While a new army of jobs has appeared, yesterday’s sure fire winners, the kinds of jobs many of us were told to pursue by our parents or career counsellors, are now being commoditized and find themselves in saturated industries.
A combination of automation and offshoring is driving this disruption.
A 2013 paper by the University of Oxford, argued that jobs are at high risk of being automated in “47% of the occupational categories into which work is customarily sorted”. That includes accountancy, legal work, technical writing and a lot of other white-collar occupations.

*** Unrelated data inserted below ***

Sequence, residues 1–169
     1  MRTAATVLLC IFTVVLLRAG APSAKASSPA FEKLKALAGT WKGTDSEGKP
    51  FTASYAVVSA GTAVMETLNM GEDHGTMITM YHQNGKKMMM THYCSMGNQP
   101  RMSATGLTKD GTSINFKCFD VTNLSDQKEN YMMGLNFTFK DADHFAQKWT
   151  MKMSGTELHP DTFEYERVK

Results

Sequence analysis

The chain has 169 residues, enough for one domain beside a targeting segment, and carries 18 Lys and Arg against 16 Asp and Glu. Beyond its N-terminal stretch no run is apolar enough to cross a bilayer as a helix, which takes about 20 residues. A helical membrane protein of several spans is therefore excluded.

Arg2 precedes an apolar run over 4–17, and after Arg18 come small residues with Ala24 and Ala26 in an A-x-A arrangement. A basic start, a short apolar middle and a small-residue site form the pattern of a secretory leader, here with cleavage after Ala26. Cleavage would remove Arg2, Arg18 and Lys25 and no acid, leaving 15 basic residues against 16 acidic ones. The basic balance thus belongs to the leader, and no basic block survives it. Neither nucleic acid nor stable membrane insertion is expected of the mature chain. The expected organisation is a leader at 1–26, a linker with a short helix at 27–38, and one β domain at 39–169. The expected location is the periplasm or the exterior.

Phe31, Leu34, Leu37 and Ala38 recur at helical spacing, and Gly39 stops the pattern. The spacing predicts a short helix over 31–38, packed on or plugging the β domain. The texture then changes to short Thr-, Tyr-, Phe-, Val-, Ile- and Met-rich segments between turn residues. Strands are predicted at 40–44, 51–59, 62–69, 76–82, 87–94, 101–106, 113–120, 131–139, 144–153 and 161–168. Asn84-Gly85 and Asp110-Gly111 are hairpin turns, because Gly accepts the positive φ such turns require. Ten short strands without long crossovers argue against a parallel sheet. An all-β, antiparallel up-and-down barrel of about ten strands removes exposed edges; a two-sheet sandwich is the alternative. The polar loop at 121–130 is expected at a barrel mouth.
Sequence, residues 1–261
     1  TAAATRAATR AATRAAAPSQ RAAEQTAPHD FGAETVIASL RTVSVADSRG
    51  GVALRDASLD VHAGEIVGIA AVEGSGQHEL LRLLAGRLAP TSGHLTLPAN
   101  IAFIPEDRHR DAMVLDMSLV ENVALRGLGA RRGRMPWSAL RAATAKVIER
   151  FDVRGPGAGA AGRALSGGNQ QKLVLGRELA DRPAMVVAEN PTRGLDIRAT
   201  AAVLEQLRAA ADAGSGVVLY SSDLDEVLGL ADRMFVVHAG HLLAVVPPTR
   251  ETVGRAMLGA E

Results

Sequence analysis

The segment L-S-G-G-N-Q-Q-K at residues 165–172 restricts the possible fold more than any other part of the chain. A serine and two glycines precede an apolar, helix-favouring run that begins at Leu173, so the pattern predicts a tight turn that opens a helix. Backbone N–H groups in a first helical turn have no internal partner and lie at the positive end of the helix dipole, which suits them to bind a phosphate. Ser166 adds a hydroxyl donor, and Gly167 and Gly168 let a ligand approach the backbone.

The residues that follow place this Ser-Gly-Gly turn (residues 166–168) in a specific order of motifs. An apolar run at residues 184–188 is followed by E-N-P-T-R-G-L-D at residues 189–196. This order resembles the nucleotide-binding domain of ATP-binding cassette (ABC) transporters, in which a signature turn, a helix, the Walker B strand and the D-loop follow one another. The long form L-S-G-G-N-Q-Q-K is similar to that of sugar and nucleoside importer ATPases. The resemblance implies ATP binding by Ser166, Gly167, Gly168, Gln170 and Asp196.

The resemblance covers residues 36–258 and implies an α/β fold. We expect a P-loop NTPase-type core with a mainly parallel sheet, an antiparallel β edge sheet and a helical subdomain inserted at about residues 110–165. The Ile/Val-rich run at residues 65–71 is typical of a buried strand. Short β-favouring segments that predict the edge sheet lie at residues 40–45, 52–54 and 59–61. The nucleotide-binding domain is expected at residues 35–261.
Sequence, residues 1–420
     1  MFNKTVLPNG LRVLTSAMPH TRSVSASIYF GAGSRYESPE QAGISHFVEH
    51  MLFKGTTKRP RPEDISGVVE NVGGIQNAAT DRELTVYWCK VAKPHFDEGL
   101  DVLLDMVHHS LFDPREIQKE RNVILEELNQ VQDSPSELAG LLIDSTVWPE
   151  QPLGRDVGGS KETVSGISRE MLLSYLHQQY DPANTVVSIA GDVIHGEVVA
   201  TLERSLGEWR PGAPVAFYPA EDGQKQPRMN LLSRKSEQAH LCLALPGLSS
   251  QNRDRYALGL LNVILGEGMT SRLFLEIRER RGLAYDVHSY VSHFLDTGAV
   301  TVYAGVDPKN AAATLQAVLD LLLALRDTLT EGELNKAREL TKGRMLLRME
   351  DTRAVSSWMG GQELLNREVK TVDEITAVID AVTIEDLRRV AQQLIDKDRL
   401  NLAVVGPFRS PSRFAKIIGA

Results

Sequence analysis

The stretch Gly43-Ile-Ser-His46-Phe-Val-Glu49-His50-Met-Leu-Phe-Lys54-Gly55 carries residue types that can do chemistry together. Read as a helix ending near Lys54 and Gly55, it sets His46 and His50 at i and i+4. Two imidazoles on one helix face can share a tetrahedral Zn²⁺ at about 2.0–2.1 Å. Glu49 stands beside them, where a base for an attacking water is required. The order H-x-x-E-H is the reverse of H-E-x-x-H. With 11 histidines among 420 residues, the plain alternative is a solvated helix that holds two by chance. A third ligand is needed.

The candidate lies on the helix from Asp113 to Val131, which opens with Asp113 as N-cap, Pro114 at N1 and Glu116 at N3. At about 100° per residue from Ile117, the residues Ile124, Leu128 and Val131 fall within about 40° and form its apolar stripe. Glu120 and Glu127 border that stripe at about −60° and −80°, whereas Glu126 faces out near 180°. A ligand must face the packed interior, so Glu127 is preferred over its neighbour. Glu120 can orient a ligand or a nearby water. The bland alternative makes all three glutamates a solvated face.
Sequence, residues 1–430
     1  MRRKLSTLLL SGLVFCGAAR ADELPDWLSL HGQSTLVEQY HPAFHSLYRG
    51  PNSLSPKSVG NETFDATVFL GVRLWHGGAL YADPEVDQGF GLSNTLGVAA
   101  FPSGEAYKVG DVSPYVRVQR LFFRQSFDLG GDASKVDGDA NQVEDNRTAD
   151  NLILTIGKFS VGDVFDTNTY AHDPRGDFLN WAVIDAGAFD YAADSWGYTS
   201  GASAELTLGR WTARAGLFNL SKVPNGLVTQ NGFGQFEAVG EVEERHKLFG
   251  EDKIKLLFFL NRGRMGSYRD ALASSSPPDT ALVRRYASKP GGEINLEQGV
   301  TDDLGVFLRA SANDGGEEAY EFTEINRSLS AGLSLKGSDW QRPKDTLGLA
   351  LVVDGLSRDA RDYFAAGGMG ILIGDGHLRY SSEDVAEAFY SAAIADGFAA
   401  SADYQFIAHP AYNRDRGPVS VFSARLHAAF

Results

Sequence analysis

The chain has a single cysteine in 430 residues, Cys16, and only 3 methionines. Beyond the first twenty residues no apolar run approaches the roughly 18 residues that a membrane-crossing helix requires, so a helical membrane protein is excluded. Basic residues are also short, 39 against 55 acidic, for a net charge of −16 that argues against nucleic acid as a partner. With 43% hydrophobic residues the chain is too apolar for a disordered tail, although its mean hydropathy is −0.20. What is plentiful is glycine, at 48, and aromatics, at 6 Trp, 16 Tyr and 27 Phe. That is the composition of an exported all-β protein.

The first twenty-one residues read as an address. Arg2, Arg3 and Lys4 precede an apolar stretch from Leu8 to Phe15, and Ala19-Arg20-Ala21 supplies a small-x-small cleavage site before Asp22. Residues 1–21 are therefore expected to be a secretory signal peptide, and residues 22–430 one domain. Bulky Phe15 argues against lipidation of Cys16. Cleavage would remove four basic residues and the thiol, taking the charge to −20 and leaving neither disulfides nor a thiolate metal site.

In addition to automation, offshoring to cheaper labour markets such as the Phillipines and India is also taking its toll on those looking to build a career in these spaces. “In auditing, the larger companies are no longer going to recruit graduates because they can outsource the work to China”, says Lynnaire Sheridan, co-ordinator of the University of Wollongong’s internship program. She went on to tell the AFR recently that for every 20 undergraduate students, there are one or two corporate accounting internship roles available.
Changing employer and recruiter appetites
“Hire for attitude, train for skill” is fast becoming the new mantra, best exemplified by Mark Murphy in his book, Hiring for Attitude. Murphy found that 46% of new hires failed within 18 months. When new hires failed, 89% of the time it was for attitudinal reasons and only 11% of the time for a lack of skill. Lack of coachability, low levels of emotional intelligence, motivation and temperament were the key drivers behind these failures.